The best part? It’s all open source, so regardless of what may or may not be valid for a project all of the code can be updated, edited, replaced, or removed altogether if need be. The engine is also on the cusp of supporting more modern rendering capabilities and an entity/component system. With a polish over file structure, extensions, and modules to boot, Torque continues to improve at a steady pace.
On the subject of features, let’s not overlook Torque’s extremely nice built in networking support. It’s a marvelous bit of tech to be quite honest. When used properly, the netcode can pass data very efficiently. The networking code includes classes to store string data and later reference those strings by index. Pretty much any data can be enumerated in some way before being sent across the wire. Furthermore, those updates can be configured by the developer be delivered only to specific clients as necessary. Now layer on top of this Torque’s datablock system and right out the gate the engine provides a secure client/server architecture.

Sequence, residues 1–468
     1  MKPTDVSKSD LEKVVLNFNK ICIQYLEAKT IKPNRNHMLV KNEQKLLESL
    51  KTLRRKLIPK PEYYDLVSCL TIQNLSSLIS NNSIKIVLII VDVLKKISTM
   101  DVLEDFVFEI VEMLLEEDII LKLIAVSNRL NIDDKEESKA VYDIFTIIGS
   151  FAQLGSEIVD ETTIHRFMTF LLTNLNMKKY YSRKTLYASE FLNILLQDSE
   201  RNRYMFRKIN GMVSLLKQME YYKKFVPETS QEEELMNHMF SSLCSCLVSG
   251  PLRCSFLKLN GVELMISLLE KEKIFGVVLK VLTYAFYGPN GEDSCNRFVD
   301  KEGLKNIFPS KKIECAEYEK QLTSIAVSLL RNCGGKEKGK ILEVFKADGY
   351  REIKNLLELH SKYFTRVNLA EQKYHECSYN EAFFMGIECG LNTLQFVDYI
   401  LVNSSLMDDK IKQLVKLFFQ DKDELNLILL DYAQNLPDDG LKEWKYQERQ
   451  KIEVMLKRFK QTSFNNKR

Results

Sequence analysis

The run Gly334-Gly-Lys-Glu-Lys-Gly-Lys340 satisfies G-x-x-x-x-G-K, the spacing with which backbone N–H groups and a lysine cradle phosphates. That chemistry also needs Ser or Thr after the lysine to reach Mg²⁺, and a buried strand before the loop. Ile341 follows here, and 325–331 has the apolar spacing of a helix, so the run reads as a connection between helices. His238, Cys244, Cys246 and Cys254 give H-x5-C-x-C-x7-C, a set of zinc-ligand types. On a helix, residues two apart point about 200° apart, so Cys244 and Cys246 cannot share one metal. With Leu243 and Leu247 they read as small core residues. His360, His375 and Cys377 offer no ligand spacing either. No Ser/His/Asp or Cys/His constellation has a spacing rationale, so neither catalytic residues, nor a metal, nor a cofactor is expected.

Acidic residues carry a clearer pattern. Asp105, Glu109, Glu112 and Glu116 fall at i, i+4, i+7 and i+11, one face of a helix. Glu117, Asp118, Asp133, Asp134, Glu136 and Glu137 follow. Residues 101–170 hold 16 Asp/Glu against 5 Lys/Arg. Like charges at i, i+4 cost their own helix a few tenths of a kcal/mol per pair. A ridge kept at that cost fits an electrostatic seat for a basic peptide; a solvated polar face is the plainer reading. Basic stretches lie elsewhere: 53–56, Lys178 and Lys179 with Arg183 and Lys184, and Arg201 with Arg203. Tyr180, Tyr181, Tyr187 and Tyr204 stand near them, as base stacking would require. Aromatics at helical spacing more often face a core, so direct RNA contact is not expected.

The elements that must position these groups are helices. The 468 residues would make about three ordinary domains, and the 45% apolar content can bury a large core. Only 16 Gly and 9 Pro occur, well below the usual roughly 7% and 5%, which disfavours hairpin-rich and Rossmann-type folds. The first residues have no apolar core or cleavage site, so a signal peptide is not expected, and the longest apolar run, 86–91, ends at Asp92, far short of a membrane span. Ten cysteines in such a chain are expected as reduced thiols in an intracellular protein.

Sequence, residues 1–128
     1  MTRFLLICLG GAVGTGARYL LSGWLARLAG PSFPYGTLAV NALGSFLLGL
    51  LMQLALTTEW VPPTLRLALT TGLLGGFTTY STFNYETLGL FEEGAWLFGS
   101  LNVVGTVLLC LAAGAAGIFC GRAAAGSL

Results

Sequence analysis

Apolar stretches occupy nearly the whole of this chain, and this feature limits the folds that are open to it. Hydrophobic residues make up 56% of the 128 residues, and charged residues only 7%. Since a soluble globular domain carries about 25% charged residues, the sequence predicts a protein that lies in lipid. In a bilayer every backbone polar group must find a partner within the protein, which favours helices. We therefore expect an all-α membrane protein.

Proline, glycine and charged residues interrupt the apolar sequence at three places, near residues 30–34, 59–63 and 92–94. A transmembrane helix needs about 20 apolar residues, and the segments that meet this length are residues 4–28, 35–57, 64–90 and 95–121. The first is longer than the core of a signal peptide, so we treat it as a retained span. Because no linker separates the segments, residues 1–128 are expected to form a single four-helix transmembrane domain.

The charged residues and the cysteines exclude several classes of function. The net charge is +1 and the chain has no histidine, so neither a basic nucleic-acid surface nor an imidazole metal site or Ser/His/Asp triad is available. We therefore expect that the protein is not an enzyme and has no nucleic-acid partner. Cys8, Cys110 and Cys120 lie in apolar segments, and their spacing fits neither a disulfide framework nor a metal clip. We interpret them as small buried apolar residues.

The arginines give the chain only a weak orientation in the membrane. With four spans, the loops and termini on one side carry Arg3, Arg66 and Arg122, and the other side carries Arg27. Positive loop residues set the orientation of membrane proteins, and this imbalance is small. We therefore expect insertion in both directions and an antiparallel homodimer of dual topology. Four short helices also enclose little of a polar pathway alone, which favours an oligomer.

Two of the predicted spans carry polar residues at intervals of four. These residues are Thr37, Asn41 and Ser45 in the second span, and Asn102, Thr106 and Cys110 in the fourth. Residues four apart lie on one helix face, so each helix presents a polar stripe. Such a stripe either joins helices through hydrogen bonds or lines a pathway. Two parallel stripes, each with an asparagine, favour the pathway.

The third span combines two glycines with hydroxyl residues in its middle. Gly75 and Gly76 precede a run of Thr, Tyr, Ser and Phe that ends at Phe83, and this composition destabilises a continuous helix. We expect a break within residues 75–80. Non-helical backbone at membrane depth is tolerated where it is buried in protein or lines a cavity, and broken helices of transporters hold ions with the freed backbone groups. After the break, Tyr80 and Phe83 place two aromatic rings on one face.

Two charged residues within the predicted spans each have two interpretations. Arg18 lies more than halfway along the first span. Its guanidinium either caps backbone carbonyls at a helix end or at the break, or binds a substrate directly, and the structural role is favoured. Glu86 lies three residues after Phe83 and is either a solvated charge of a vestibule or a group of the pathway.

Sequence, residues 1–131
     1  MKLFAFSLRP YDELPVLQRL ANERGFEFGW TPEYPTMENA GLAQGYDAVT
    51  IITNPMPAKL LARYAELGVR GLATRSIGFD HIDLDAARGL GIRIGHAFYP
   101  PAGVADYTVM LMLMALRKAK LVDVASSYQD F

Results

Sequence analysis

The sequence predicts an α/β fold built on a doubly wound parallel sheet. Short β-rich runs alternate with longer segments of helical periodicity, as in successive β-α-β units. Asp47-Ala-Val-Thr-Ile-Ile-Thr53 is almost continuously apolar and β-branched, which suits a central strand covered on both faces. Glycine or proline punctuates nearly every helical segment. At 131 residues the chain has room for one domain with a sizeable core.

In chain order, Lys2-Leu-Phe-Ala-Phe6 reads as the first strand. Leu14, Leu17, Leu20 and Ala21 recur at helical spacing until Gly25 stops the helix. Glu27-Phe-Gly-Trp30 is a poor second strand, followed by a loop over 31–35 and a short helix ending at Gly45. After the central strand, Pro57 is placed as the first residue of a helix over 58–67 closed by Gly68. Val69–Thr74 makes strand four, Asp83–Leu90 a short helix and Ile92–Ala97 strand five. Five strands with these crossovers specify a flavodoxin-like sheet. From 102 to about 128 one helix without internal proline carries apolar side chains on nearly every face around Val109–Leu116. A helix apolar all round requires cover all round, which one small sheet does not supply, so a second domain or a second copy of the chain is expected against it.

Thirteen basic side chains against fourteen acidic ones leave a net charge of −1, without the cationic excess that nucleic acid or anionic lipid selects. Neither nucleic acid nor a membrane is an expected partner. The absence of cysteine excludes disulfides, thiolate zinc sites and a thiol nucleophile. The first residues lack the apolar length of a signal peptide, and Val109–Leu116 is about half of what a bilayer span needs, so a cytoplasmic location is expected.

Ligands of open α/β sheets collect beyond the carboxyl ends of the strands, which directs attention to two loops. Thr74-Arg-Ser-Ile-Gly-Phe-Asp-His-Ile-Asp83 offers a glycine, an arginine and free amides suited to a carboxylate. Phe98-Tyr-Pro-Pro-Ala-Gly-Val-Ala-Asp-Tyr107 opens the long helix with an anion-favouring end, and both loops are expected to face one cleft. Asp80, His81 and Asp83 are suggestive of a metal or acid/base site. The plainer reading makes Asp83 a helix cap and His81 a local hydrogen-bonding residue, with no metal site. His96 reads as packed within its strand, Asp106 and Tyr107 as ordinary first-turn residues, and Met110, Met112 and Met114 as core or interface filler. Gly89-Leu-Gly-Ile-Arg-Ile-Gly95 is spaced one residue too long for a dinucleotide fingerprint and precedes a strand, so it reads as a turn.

So why isn’t Torque considered the best of the best by the masses? Plain and simple, Torque is not user friendly right out the gate. A new user with no experience or close to no experience with the development process will find Torque very difficult to approach. Learning Torque’s engine-specific script is necessary, which isn’t overly difficult. Beyond that, though, when it’s time to develop core gameplay functionality be prepared to alter or create your own classes in C++. While it is true almost anything can technically be achieved using only TorqueScript, many resource intensive functions are much better implemented in C++(for performance purposes).